As I begin another year of freedom, I am mindful also of the work Holly and I are doing as executive producers of Devil's Knot. This film is a screen adaptation of Mara Leveritt's book of the same name. As the years have gone on, there have been so many who have worked on this case tirelessly and doggedly. One such person is Mara, whom I love and respect deeply. Her tenacity and genuine desire to get at the truth of who murdered Christopher Byers, Stevie Branch and Michael Moore is nothing short of heroism. Mara, you are a real life hero. Of course, without Joe Berlinger and Bruce Sinofsky, who documented our trials for their film Paradise Lost, the world would never have learned about the story Mara later detailed in her book. And without Kathy Bakken, Grove Pashley, Burk Sauls and Lisa Fancher of wm3.org, who spawned the movement to “Free the West Memphis 3,” people around the world—from Eddie Vedder and Natalie Maines, to all of you who gave your time and money—would not have had an outlet for their support. This, as much as anything, is responsible for our freedom. Joe, Bruce, Kathy and Chad, Burk, Grove and Lisa, and all of you who have supported us over these years—you are heroes, too. (There are, of course, too many of you to name, but I would be remiss not to point out these brave people.) With even one piece of this puzzle missing, we would have been forgotten.
Pam Hicks is another person I respect immensely. Spending time with her on the set of Devil’s Knot is an experience I'll never forget as long as I live. It breaks my heart to know she'll never hold her son again on this Earth. But what gives me hope for her is Pam herself. She walked through that set and watched those scenes with a stoicism bordering on nobility. Though I know she'll not have her son back in this world, I also know that Stevie, Christopher and Michael shall not be forgotten, and I am hopeful that one day we will be successful in our ongoing efforts to find their true killer(s). This was the impetus for my eventual involvement with Devil’s Knot—seeing how this telling would be incredibly cathartic for Pam and so many others.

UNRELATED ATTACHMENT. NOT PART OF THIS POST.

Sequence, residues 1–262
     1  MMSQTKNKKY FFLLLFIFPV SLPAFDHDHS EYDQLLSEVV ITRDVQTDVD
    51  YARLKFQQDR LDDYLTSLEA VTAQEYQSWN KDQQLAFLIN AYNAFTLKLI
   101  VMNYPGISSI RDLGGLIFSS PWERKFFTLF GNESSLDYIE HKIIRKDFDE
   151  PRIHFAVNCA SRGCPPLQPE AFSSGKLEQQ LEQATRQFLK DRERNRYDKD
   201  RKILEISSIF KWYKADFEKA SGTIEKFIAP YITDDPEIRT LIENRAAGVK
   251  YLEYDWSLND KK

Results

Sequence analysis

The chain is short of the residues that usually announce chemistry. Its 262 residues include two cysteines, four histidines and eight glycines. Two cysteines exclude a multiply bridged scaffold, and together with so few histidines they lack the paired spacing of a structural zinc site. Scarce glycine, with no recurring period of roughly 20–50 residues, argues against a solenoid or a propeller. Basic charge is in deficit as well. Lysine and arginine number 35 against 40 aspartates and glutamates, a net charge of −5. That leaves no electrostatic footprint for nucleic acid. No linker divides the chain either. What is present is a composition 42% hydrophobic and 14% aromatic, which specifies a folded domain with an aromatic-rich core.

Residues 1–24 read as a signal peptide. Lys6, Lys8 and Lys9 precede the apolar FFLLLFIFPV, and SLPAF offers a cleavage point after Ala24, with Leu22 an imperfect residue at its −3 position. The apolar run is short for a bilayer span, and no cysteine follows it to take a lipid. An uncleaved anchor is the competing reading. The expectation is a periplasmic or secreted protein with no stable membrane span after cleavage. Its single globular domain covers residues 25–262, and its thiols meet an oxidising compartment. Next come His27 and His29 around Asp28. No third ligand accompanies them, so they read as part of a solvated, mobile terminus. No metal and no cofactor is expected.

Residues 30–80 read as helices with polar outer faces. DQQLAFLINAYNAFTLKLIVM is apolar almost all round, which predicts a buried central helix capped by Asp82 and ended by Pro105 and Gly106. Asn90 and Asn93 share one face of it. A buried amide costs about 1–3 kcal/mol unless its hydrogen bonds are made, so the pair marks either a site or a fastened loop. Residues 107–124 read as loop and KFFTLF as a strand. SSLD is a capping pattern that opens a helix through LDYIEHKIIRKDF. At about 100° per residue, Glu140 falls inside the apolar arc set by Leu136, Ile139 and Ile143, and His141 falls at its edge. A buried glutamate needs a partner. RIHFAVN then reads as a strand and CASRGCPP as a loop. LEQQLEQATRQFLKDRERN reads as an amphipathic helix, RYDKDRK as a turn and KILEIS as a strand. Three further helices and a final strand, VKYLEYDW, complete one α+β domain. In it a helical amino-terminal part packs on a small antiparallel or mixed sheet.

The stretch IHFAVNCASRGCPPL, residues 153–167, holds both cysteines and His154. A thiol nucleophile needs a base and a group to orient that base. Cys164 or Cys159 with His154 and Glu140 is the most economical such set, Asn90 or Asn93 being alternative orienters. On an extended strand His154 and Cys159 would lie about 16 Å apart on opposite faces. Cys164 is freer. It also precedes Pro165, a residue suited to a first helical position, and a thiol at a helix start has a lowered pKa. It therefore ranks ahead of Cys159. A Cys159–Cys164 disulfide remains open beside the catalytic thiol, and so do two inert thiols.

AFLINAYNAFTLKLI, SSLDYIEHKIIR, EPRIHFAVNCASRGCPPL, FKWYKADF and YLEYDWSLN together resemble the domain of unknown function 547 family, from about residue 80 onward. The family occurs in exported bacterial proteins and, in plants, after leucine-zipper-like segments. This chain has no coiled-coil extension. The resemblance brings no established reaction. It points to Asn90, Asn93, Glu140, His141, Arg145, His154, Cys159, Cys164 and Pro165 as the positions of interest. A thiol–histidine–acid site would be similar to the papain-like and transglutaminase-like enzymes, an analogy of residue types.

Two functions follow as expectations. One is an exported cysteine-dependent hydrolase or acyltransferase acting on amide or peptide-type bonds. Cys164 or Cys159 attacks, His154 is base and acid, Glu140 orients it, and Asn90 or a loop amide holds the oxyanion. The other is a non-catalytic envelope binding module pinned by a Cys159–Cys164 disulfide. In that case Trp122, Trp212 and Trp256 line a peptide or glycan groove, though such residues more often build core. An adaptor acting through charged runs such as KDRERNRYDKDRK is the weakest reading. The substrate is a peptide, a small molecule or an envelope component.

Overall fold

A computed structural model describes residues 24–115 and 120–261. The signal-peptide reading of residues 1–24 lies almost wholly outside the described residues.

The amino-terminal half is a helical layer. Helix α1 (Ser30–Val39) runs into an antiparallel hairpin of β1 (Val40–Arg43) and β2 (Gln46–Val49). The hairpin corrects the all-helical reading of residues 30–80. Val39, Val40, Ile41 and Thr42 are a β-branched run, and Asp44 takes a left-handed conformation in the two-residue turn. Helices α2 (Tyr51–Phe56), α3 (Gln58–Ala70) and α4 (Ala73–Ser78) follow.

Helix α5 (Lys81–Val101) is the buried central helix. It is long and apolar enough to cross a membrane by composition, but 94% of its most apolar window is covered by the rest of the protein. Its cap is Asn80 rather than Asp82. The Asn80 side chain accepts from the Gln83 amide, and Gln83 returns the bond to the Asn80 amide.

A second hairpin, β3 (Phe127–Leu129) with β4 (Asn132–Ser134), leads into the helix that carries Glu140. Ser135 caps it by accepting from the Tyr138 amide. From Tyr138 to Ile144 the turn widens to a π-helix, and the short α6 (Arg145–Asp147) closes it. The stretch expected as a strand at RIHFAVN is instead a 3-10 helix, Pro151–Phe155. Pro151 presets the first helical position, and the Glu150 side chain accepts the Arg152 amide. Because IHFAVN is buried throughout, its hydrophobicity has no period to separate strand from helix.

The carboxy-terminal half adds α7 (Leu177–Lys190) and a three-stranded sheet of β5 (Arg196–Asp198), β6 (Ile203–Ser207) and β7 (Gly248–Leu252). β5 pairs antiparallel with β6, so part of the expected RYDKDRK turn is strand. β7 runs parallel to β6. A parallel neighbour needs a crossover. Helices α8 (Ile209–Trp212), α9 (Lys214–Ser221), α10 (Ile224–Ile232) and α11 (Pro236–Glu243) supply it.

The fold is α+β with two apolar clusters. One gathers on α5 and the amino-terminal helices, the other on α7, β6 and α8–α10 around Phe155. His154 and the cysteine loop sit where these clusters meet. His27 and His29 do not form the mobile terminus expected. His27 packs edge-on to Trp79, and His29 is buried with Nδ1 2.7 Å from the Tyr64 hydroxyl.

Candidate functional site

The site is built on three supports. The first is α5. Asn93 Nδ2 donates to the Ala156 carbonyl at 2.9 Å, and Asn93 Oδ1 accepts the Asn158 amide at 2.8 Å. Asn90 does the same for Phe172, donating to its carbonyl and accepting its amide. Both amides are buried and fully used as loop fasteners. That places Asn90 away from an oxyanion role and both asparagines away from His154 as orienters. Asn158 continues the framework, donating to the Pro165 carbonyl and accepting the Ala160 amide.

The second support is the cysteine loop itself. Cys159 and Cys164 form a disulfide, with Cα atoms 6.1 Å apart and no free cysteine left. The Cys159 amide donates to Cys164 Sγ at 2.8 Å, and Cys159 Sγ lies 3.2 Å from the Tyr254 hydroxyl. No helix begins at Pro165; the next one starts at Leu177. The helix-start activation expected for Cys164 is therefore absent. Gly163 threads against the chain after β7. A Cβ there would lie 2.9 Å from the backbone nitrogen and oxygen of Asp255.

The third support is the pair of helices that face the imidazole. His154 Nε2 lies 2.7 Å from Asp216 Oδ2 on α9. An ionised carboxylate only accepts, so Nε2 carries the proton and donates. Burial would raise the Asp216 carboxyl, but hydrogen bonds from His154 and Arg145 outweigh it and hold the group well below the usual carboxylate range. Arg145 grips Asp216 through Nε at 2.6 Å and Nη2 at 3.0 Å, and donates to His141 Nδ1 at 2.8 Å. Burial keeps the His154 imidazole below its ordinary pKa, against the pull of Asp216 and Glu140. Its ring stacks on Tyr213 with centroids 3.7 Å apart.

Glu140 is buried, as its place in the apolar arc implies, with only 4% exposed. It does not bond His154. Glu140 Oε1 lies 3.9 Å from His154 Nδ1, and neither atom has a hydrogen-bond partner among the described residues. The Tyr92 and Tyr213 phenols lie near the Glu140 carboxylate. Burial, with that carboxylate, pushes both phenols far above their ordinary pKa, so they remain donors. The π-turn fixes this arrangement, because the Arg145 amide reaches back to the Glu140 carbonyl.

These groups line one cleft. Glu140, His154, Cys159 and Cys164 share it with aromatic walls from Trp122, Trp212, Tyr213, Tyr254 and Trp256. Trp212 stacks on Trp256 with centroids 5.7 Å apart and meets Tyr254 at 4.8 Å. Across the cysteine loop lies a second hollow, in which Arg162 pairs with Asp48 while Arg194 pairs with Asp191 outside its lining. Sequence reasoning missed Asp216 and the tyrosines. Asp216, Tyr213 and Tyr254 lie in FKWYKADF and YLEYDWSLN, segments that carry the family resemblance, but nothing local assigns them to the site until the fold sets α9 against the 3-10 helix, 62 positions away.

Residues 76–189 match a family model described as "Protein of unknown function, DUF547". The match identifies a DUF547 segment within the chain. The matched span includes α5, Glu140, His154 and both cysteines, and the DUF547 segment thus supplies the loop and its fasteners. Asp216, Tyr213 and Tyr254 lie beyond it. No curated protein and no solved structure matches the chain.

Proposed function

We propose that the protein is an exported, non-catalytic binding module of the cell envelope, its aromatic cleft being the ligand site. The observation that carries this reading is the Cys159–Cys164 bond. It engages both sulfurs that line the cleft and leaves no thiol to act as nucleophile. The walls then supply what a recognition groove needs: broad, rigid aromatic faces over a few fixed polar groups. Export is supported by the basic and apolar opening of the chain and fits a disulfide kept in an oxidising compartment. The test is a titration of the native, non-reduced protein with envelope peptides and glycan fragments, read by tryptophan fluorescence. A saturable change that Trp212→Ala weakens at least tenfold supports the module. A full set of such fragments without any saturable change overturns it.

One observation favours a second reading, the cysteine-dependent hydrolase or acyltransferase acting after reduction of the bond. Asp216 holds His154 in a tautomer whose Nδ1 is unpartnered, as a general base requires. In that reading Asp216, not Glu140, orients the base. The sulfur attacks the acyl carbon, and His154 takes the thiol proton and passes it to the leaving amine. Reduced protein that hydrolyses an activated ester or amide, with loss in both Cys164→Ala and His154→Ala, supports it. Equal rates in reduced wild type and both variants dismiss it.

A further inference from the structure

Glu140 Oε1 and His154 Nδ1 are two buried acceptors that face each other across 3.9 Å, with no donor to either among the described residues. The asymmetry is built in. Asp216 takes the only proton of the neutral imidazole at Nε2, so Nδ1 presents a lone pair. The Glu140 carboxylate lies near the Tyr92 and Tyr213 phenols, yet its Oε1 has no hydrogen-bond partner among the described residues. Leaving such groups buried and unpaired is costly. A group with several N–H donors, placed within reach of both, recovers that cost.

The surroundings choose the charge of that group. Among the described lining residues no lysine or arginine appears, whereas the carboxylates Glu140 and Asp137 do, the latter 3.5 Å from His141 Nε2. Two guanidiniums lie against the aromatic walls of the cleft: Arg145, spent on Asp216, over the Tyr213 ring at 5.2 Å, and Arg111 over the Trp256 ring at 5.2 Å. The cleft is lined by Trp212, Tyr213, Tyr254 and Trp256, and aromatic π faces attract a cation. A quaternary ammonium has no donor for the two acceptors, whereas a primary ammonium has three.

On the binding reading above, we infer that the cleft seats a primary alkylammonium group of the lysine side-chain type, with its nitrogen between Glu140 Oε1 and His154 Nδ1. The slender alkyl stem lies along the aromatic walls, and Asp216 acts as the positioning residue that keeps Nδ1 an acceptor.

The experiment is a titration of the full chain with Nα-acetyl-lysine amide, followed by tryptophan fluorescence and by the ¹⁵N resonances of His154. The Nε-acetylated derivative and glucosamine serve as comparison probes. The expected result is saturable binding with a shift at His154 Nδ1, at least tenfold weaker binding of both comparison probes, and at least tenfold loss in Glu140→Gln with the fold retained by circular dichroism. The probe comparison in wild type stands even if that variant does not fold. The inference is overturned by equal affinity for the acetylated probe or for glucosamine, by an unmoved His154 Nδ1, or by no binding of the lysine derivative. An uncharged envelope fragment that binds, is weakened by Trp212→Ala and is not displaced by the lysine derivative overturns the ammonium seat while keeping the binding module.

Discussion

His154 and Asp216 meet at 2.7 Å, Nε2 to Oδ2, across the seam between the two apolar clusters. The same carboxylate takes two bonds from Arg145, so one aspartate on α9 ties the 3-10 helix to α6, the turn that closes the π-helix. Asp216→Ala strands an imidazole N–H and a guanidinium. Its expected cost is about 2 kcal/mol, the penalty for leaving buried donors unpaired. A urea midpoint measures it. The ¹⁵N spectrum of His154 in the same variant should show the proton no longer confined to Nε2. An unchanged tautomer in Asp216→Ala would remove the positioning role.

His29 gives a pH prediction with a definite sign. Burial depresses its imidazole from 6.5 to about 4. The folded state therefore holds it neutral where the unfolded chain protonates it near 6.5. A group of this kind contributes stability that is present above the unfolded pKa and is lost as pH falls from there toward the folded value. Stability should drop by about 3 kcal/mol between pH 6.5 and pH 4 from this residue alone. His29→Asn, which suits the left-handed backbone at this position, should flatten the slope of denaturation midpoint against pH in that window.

My first exposure to this film, however, came with the understanding that Damien had several objections to the script, though he had not met with the producers to discuss his concerns directly. I pursued a meeting with the producers to address those concerns because the movie was going to be made with or without us; I wanted to make sure it was as accurate as possible. When Holly and I were later offered the role of executive producers, I was reticent because of Damien. However, after it became very clear that Elizabeth Fowler and her production partners had every intention of rewriting the script to address Damien’s concerns (which they did), I chose to officially participate in what I viewed then and view even more now as a truthful, positive, and healing portrayal of this story.
Before I had even made that decision, however, Damien contacted me to let me know that he would no longer make public appearances with me or even communicate with me as a result of my involvement with the film. I have repeatedly reached out to him over the last few months with no response, but I continue to hope that he will come around. My door will always be open, if and when he does.